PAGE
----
Croydon College plans secondary free school

Croydon College CC Paul Gillett

Croydon College. Pic: Paul Gillett

Croydon College has submitted plans for a secondary ‘free’ school.

Plans for the New Croydon Academy have just been sent to the Department of Education for approval.

The NCA, as a free school, would be state funded, but independent of the local authority. It would also provide 180 new places in every group from Year 7 to Year 13.

With Croydon’s population rising and a shortfall of schools, the inclusive Academy would provide free education for students aged 11 to 18 from all backgrounds. More than 400 parents signed up in support the plans.

Frances Wadsworth, principal at Croydon College said: “Croydon has a growing need for high quality school places. Our current schools are already over-subscribed and there has been significant growth in both the number of primary schools in the area and in the capacity of existing primary schools. This will feed through to a need for additional places in secondary schools.”

The Academy will be run by a Charitable Trust, independent of the College. Most of the Academy’s staff will be recruited independently, although some members of the College may provide training and office support.

All teachers will be trained to help children with learning difficulties. The new school will be part of a campus, which already includes Croydon College, the University Centre Croydon and the Croydon School of Art. It will be part of the site on College Green.

According to their website, the school will: “Focus on employability and the needs of young people to commit to the discipline required for success in the future”. It will offer, “strong links with employers and the availability of routes of progression into all careers from the professional to the technical through realistic vocational experiences.”

Its curriculum focuses on science and computing, including creative media.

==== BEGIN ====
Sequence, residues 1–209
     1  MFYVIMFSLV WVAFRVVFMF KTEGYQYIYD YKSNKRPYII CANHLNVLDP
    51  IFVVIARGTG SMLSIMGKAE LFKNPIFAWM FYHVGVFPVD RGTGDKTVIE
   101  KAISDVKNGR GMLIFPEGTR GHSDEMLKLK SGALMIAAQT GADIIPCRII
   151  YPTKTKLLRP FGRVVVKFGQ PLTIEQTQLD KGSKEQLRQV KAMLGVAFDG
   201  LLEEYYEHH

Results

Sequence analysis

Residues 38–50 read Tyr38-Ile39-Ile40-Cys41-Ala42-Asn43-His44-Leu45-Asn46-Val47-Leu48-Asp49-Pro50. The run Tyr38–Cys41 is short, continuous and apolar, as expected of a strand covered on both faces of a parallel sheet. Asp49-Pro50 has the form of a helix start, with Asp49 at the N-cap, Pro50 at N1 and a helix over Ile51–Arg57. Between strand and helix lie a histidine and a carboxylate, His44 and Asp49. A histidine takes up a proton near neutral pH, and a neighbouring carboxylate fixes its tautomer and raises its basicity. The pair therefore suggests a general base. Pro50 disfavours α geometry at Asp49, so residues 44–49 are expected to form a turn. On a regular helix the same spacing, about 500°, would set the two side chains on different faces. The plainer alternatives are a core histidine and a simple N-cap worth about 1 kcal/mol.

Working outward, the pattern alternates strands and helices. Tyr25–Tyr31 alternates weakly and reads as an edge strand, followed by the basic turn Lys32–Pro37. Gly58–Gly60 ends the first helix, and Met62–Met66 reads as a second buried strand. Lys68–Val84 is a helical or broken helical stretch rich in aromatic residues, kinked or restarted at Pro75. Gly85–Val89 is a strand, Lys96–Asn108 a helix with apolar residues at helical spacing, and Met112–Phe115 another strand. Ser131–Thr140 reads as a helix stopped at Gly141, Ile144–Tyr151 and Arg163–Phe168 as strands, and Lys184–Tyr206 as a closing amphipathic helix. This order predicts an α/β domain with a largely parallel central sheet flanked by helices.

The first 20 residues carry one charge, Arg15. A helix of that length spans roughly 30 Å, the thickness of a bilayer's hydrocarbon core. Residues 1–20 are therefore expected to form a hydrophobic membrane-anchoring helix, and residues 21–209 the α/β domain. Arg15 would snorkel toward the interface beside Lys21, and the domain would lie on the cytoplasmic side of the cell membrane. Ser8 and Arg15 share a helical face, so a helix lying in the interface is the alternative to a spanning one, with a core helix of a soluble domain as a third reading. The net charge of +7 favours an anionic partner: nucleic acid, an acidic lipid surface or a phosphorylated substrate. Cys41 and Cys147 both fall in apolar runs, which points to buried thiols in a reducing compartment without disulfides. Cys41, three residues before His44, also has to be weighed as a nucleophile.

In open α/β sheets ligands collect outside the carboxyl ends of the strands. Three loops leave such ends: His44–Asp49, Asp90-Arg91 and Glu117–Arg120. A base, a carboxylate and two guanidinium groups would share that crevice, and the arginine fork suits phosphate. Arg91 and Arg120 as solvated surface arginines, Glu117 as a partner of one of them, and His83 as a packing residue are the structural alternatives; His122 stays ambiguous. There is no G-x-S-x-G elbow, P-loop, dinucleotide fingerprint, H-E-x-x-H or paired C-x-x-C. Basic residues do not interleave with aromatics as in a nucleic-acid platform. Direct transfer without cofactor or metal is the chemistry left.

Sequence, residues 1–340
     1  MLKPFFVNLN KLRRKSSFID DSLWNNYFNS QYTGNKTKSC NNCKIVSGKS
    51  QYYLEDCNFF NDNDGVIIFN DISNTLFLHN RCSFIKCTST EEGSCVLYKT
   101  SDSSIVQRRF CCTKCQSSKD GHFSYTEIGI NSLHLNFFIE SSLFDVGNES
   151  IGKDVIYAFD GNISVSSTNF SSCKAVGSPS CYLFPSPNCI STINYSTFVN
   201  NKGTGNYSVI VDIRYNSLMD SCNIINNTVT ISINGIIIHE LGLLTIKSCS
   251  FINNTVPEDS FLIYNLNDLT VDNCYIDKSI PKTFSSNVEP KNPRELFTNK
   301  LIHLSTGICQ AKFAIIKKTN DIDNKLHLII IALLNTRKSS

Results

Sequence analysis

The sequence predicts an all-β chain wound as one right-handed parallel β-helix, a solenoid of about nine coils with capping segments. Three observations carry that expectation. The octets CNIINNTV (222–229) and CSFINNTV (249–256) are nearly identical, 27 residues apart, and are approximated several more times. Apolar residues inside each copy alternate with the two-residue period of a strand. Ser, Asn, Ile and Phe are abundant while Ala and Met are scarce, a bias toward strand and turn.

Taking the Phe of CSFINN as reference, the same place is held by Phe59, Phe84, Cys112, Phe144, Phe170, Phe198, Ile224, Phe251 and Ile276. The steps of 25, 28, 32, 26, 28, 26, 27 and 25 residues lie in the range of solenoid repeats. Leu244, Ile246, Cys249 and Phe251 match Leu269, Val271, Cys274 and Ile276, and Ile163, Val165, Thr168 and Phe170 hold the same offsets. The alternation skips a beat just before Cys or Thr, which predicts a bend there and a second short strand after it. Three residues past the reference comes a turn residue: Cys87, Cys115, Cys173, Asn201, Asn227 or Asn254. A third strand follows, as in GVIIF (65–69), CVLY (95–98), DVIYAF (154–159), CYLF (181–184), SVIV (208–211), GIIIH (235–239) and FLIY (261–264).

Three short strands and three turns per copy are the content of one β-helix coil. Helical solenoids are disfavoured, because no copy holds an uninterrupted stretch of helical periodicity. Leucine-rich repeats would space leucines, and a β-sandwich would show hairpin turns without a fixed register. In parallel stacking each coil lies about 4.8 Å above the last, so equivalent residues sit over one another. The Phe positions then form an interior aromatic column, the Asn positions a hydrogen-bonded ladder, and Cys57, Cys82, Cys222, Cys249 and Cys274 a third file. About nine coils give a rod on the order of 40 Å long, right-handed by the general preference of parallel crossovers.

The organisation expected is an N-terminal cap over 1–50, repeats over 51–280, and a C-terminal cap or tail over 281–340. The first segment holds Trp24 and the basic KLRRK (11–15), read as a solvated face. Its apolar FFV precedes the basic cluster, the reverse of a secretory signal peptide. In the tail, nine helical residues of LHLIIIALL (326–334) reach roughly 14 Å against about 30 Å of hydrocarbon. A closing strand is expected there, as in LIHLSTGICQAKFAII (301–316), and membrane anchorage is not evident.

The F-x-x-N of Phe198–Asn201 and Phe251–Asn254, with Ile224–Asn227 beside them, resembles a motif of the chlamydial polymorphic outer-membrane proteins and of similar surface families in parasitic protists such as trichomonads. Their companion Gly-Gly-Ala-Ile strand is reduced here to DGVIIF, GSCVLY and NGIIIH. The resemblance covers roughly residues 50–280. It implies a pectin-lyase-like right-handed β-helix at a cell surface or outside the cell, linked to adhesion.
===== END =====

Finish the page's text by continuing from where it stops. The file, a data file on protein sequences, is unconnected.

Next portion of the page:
It will provide facilities such as small and large meeting rooms, formal spaces, and areas for special activities (such as IT, science, performing arts, etc.). The Academy will also work on providing further education opportunities for students.

Steve Reed, Labour MP for Croydon North said: “I’m really excited about the proposed New Croydon Academy.  What a great chance for school-age students to benefit from Croydon College’s expertise and connections with local employers.  This innovative new school promises to offer Croydon’s young people a fantastic start in life.”

Croydon has a need for schools, especially secondary, as the number of primary pupils is rising. According to Department for Education it’s estimated that there will be a 36 per cent rise in pupil numbers in the next few years.

Wadsworth added: “We have had so much support for NCA; MPs, councillors, businesses, primary schools and of course, parents. We still have a way to go to realise our ambition, but with all the support and good feeling we have encountered, it’s a journey I think we’re all looking forward to.”

She also said: “We are confident that we will create a school that, although it will stand entirely in its own right, can draw upon the college’s expertise and resources.”

Matthew Sims, Chief Executive, Croydon Business Improvement District (BID) said; “As Croydon continues with its ambitious redevelopment plans for the Town Centre, it is important to recognise the need for greater investment in to employment, skills and education. The proposal of a new secondary school will only enhance the current educational offer provided to the younger generation, boosting knowledge, skills and experience locally.”

If the Secretary of State approves, the academy will open in September 2016.

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